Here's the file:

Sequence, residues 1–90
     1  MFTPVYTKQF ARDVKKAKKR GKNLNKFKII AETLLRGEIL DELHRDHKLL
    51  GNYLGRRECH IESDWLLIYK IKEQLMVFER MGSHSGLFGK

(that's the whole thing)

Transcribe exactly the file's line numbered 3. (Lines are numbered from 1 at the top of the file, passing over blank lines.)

    51  GNYLGRRECH IESDWLLIYK IKEQLMVFER MGSHSGLFGK